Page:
At 180 Degrees, everything we do is aimed at maximizing our long-term social impact.
Social impact means working for the good of others not yourself, thereby creating systematic social improvements. Conceptually, social returns are the benefits that accrue to other stakeholders (that is, the difference between the aggregate benefits that are created and the realizable benefits to the value creator).
Since being established, 180 Degrees has:
Provided over $100M worth of consulting services
These services are provided to non-profits and social enterprises that would not be able to afford the high consulting fees charged by traditional consulting companies.
Helped 1829 socially-conscious organizations
We help these organizations to overcome challenges they’re facing and to operate as effectively as possible. 96.8% of the organizations we work with say that they would work with us again and would recommend 180 Degrees to other organizations.
Provided over 2.6 million hours worth of consulting services
To put this in perspective, this is equivalent to a person working full-time for 1354 years.
Trained 11,946 future social impact leaders
University students who are selected as 180 Degrees Consultants get professional training in important areas (such as non-profit management, social impact measurement, and ethical decision-making). They also get hands-on experience consulting for non-profits and social enterprises. As a result, a large number of consultants say they are now more likely to financially support non-profits and social enterprises, and are more likely to consider a career in the social sector. In this way, 180 Degrees trains the next generation of future leaders.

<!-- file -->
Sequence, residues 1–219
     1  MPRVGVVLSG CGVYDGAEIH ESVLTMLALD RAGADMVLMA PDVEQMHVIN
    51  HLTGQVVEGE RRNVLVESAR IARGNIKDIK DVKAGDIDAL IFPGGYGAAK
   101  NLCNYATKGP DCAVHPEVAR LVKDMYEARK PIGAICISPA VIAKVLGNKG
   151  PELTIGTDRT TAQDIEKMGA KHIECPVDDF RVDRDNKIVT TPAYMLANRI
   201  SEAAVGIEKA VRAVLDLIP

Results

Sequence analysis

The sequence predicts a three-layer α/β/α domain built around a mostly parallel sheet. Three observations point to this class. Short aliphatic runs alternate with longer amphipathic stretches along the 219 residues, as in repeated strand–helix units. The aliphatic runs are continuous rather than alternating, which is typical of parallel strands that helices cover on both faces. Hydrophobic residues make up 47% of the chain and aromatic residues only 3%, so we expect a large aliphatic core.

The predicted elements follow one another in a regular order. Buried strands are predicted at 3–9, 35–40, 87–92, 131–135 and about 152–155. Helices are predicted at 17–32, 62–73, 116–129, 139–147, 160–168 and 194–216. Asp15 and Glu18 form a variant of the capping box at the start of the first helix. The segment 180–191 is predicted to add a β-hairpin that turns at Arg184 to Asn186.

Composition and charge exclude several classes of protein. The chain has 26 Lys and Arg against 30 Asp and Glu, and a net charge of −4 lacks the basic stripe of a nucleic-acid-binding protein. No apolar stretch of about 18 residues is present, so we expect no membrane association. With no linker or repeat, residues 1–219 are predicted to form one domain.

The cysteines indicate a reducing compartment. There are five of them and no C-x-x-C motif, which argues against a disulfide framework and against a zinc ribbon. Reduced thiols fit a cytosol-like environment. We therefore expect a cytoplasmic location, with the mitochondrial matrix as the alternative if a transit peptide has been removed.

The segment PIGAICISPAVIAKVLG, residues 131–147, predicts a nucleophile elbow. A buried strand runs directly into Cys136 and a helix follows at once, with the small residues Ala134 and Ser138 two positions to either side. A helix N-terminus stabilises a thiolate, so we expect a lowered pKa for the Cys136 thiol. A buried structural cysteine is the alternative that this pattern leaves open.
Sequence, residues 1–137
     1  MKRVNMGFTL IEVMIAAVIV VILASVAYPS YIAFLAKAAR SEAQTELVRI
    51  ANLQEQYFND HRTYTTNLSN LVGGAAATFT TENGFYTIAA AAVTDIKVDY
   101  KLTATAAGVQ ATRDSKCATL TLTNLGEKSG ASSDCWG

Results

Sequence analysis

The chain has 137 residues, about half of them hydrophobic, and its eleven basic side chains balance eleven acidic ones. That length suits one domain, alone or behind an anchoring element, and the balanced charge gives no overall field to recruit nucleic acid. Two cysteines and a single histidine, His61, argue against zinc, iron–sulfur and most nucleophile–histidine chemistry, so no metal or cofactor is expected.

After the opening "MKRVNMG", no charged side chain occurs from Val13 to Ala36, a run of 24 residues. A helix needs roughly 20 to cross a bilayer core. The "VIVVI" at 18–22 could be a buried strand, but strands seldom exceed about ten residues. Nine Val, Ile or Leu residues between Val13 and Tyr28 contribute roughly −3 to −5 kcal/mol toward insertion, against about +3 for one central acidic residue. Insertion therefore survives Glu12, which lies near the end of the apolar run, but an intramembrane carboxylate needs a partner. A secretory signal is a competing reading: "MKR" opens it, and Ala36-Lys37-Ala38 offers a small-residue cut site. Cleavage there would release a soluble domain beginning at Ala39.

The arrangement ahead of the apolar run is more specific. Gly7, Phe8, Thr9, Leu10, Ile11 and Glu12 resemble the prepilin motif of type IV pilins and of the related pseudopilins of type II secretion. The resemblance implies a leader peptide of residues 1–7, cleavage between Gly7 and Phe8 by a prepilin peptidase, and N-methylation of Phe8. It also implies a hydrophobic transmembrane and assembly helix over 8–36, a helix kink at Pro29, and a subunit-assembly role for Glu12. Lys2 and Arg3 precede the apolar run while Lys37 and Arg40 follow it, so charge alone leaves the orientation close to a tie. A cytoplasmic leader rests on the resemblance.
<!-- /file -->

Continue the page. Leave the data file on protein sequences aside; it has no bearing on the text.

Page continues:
Produced numerous articles, tools, and journals to help socially-conscious organizations achieve their full potential
We don’t want our clients to be the only organizations that benefit from the insights we have gained and best practices we have learned over the years. As such, we publish an annual journal called 180Review, various tools to assist leaders of social-sector organizations, and articles that contain expert advice.
Social Impact Measurement:
We rigorously quantify our impact since in the game of social impact, method trumps money. Social inputs are no more correlated with social outcomes than financial inputs are correlated with financial outcomes.
We measure and track our two main social impacts on our custom-made online management platform called Compass.
Social Impact 1: Leadership Development
Every social impact leader (that is, consultant) in our program provides comprehensive feedback. This feedback is used to measure:
- Whether participants changed career plans to be more socially focused
- Whether the charitable contributions of participants changed in quantity and/or composition
- Whether participants have a greater understanding of the challenges facing non-profits and social enterprises
- Whether participants are more confident in their leadership ability and better prepared to take on leadership roles focussed on achieving social outcomes
- Whether participants would recommend 180 Degrees Consulting to others
Social Impact 2: Improving the Effectiveness of Non-Profits
We use an approach we call “social impact triangulation” that involves weighting the results of three different measurement approaches. This gives a lower-bound, upper-bound, and a best-estimate impact. These three approaches are as follows:
- Measuring Actual Outcomes (weighted the most): We calculate improvements to the social outcomes of our clients, for a sample of our clients. This is done by monitoring changes in KPIs at 6 and 18 months.
- Measuring the Value of Outputs: After each project, we ask clients “Given what you now know, what is the maximum amount you would have hypothetically forgone in donations to have received the consulting service?”
- Measuring the Value of Inputs (weighted the least): We calculate the labor hours of consulting provided, and give a monetary value based on equivalent work at other consulting firms.
Using this method, we have provided at least $100 million worth of value to non-profits and social enterprises to date.
Another way we keep track of our impact is by asking every client whether they would recommend 180 Degrees to other organizations. In 2015-2016, 96.8% of clients said they would.